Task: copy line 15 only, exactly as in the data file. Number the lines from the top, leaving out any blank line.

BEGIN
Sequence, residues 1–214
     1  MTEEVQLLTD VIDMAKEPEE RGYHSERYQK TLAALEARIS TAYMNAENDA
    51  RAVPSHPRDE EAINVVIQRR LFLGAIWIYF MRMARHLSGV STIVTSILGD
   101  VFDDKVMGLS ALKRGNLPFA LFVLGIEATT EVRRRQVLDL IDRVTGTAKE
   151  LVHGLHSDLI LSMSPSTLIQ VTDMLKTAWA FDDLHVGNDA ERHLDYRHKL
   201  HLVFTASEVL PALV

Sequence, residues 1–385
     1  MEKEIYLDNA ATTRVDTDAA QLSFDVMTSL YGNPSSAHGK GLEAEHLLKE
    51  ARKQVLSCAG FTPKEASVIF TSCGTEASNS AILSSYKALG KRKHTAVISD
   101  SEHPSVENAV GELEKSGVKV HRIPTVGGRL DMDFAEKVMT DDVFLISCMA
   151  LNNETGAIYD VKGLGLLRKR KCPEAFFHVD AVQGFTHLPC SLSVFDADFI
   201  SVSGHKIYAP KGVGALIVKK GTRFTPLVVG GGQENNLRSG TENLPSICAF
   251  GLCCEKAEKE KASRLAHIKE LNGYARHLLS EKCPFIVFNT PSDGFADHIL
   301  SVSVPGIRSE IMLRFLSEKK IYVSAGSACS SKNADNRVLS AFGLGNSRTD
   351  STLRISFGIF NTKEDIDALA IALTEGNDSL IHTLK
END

   351  STLRISFGIF NTKEDIDALA IALTEGNDSL IHTLK